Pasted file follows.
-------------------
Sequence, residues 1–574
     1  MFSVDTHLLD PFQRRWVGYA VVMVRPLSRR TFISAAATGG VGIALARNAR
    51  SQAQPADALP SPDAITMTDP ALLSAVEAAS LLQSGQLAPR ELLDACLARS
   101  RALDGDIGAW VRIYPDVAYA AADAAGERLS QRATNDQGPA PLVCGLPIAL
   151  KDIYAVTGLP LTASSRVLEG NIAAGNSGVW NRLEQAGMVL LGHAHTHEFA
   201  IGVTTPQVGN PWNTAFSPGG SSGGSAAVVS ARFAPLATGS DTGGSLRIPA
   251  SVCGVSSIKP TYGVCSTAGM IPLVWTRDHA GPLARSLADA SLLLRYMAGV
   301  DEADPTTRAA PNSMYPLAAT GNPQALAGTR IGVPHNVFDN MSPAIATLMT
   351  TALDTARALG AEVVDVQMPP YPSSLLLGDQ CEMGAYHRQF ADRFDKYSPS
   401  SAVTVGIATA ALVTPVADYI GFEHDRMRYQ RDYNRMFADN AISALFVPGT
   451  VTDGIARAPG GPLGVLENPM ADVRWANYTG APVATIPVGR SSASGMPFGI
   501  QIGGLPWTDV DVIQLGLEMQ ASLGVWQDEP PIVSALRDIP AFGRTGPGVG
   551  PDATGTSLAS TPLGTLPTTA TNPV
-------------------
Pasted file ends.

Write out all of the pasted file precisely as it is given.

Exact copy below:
Sequence, residues 1–574
     1  MFSVDTHLLD PFQRRWVGYA VVMVRPLSRR TFISAAATGG VGIALARNAR
    51  SQAQPADALP SPDAITMTDP ALLSAVEAAS LLQSGQLAPR ELLDACLARS
   101  RALDGDIGAW VRIYPDVAYA AADAAGERLS QRATNDQGPA PLVCGLPIAL
   151  KDIYAVTGLP LTASSRVLEG NIAAGNSGVW NRLEQAGMVL LGHAHTHEFA
   201  IGVTTPQVGN PWNTAFSPGG SSGGSAAVVS ARFAPLATGS DTGGSLRIPA
   251  SVCGVSSIKP TYGVCSTAGM IPLVWTRDHA GPLARSLADA SLLLRYMAGV
   301  DEADPTTRAA PNSMYPLAAT GNPQALAGTR IGVPHNVFDN MSPAIATLMT
   351  TALDTARALG AEVVDVQMPP YPSSLLLGDQ CEMGAYHRQF ADRFDKYSPS
   401  SAVTVGIATA ALVTPVADYI GFEHDRMRYQ RDYNRMFADN AISALFVPGT
   451  VTDGIARAPG GPLGVLENPM ADVRWANYTG APVATIPVGR SSASGMPFGI
   501  QIGGLPWTDV DVIQLGLEMQ ASLGVWQDEP PIVSALRDIP AFGRTGPGVG
   551  PDATGTSLAS TPLGTLPTTA TNPV